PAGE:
Go Beyond Fraud Prevention with Identity


Identity Detection of the Future: Behavioral Biometrics, Tokenization, and FIDO for Fraud Prevention

When companies use identity data effectively, they deliver a highly personalized, frictionless journey that offers the right products to the right customers at the right time. They’re also able to optimize fraud prevention while minimizing any irritation for customers. 

During a webinar, Adam Gunther, Senior Vice President and Senior Technology Officer at Kount, and Tim Sloane, Vice President of Payments Innovation at Mercator Advisory Group, discussed how identity data can be used to smooth the payments process and drive business. They also discussed new trends, including biometric data and tokenization.

Digital Identity and Fraud Prevention

Fraud is often an afterthought, according to Gunther and Sloane.

“We have a saying in our team, that 5% of CEOs have a fraud problem, and 100% of CEOs have a revenue problem,” Gunther said. “Nobody sits around the boardroom focused on how to reduce fraud.”

“Most merchants that handle onboarding of new customers are not thinking ahead of where the ball is going to land,” Sloane noted. “They’re thinking, ‘I just need to open the account and protect the account. And everything will be great. I’ll get to know that accountholder better and better over time, and will use customer data for marketing purposes, for advertising purposes, for engaging, and selecting the right products to show to that customer,’” Sloane said.

Understanding who customers are as soon as they come in and open an account is critical. “The benefit of using identity is that you can start analyzing it sooner,” Sloane said. “Not only to drive revenue but also to start to think about where fraud is creeping in and how to manage that right up front.”

Knowing more about their consumers also allows companies to improve their interactions with them and, as a result, increase customer lifetime value.

By using an inventory of customer data, companies such as Kount can verify customer identities by matching device use information to personal information from Equifax. Kount uses device data that includes order history, IP addresses, email behavior, and other signals. Then, it matches this with Equifax customer data, such as name, address, phone number, employment, payroll, credit history, income, and wealth. The idea is to match a digital identity to a physical identity that has already been confirmed by Equifax.

Gunther described Kount’s identity solutions as a new way of connecting previously separate business wings—marketing and fraud detection. “Bringing in data such as household incomes and different wealth propensity to spend, we get semiannual anonymized data feeds across a number of sources,” he said. “Connecting that data back to the point of purchase, we can help better onboard users and improve how businesses interact with consumers in a variety of ways. We’re injecting identity data across every area of the customer lifecycle.”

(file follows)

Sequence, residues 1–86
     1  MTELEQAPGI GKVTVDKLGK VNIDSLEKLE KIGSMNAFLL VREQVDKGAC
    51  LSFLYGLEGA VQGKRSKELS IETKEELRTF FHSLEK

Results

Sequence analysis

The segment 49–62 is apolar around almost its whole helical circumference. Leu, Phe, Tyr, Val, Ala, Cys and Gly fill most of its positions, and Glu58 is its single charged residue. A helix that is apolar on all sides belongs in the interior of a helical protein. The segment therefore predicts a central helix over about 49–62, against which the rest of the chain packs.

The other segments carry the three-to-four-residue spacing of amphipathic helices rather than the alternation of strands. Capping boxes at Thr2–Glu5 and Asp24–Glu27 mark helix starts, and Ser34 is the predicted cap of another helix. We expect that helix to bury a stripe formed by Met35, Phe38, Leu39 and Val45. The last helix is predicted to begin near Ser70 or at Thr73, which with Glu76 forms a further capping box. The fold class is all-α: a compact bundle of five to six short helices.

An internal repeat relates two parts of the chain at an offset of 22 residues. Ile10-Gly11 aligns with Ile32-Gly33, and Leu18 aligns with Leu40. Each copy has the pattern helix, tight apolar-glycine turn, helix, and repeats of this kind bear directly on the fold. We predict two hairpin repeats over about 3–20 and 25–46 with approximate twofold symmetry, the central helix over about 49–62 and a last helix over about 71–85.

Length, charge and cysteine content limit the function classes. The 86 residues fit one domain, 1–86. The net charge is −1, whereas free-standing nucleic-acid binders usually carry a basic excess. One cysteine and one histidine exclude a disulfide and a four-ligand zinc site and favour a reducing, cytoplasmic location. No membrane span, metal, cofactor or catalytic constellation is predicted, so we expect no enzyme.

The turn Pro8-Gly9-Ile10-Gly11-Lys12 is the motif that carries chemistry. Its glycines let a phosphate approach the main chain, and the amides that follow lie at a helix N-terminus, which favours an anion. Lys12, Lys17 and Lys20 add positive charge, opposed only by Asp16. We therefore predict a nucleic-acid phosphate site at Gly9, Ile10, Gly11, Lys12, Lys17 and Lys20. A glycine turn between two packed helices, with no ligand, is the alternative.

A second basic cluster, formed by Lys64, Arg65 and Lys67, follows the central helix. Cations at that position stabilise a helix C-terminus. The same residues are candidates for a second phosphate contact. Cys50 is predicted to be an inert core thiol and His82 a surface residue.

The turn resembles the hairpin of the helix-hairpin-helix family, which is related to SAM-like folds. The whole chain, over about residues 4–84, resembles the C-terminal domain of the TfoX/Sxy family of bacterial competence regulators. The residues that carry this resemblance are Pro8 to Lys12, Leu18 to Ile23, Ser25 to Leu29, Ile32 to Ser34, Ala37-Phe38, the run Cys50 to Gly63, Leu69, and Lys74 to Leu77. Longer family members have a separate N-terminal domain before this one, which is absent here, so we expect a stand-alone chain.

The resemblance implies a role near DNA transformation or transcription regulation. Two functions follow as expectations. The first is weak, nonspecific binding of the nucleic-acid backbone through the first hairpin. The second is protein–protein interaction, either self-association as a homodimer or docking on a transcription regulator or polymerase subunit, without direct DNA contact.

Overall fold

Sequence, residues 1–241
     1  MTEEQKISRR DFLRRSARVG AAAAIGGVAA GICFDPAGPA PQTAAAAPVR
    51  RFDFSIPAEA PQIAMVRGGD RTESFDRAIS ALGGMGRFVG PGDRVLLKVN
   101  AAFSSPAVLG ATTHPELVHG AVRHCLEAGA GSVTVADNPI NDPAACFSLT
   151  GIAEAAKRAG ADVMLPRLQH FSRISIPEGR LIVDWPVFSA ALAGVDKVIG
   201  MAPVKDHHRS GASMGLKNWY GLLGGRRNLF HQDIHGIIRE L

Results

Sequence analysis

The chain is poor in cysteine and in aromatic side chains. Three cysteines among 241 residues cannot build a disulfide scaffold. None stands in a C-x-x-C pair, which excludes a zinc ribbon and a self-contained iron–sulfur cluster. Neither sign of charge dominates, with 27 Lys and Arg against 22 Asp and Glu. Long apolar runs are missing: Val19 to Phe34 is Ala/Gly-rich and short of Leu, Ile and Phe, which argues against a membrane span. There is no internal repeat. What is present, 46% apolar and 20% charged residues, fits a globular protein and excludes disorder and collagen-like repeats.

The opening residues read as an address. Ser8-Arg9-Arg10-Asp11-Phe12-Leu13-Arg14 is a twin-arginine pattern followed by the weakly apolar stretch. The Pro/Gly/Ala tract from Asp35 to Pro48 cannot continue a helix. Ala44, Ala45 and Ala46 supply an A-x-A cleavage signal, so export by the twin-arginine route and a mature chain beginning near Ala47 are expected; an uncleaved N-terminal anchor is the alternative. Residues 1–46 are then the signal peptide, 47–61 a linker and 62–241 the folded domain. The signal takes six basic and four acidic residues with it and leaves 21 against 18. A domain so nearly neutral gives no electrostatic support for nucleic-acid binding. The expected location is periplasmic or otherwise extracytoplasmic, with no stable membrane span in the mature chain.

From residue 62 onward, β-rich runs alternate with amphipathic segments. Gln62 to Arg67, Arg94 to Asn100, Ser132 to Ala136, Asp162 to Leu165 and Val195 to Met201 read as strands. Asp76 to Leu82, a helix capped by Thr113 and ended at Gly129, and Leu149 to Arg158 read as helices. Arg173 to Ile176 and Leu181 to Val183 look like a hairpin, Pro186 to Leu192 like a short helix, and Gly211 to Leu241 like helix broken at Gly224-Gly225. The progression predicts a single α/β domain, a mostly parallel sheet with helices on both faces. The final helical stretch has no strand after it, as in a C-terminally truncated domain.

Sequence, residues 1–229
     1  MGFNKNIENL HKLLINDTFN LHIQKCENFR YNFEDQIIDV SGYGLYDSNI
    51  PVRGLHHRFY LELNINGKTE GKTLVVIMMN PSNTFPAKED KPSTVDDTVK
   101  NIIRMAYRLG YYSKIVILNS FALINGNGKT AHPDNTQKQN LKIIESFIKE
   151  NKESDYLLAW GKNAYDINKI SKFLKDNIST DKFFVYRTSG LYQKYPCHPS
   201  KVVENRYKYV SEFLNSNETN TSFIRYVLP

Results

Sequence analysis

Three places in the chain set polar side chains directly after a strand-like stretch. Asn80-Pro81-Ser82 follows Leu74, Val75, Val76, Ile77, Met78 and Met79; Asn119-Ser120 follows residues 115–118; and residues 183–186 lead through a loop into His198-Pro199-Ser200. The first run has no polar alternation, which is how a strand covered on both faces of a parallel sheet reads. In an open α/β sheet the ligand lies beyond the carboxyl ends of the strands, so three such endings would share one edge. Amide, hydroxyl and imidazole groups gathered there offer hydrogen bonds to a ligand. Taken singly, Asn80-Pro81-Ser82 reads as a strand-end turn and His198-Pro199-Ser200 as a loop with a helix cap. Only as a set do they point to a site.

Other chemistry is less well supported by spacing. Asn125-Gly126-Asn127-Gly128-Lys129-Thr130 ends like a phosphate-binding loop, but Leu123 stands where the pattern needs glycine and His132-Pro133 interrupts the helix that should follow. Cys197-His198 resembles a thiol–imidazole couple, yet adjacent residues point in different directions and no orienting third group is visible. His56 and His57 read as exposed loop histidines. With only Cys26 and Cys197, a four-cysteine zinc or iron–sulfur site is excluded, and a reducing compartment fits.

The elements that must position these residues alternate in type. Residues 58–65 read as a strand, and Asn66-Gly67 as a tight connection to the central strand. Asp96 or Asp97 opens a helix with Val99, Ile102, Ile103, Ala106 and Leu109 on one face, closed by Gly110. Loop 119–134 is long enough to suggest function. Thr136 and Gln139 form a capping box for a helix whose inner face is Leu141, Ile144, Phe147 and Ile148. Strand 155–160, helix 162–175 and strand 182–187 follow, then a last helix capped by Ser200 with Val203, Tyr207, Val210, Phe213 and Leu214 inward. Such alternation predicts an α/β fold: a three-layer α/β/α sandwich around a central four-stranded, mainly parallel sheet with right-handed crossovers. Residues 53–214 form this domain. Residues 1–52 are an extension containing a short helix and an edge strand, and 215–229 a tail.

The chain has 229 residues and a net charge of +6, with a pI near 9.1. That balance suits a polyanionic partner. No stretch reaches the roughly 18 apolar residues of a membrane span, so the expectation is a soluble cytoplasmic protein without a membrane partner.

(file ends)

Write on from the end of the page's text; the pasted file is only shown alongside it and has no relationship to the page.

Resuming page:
Many marketing and fraud detection teams within companies are currently working in silos. And that lack of communication isn’t beneficial to the company. “When you take a look at companies that have full-blown digital marketing teams, it’s amazing how often they’re not connected to the payments or fraud prevention managers that are executing the processes that could help that marketing team—if they only took a look at what they’re doing,” Sloane said. “But quite often, it goes through the silos, and those silos don’t come together.”

The Ever-Changing Landscape

The payments industry is moving toward passive authentication by examining how consumers behave with their devices. “We know how tight you hold the device,” Gunther said. “Corroborated with other data, and signals, we have a high level of confidence in confirming the identity of the customer.”  

The way people hold their devices, the speed at which they type, and the way they type are not easily faked, and such attributes can act as “automatic” identifying information. “We expect that behavioral biometrics will have a huge impact on that whole process of identifying the customer from the time they hit your website,” Sloane said. “Biometrics will make it much more difficult to commit fraud and will open new opportunities for marketing.”

Kount is working on combining modern cryptography and data through its new tool, Digital Identity as a Service. In this model, a company confirms a person’s identity once, through traditional means or biometrics, then creates an encryption token on the customer’s device. When a customer uses the device to pay, that token acts as proof of possession of the device.

This approach is part of a broader move away from using passwords to verify identity.

Most people have different accounts online, with various passwords and authentication processes. As a result, customers face problems creating and remembering multiple usernames and passwords. In response to this problem, a group of companies launched the FIDO (“Fast IDentity Online”) Alliance in 2013 as an industry association to help reduce the world’s over-reliance on passwords. The idea is to use voice, fingerprint scanning, facial recognition, or a security key for standardized, password-less identification.

According to Sloane, FIDO is a huge step forward in customer experience and in streamlining identity detection for merchants. Kount is actively involved in the FIDO Alliance and combines FIDO procedures and cryptography to achieve its identity solutions.

By and large, payments companies need to take a more holistic view of identity data, by using more innovative types of information and by taking down the silos that hold data. Wise executives will see that personalized, frictionless shopping experiences are the future of the payments space.




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